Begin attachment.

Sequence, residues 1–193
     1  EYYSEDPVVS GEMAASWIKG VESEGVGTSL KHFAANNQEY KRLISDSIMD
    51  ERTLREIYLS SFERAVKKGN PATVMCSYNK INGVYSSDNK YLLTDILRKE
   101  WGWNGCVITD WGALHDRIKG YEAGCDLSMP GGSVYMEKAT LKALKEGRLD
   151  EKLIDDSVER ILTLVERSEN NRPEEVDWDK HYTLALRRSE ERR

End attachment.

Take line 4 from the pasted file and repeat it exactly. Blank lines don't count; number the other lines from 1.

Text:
   101  WGWNGCVITD WGALHDRIKG YEAGCDLSMP GGSVYMEKAT LKALKEGRLD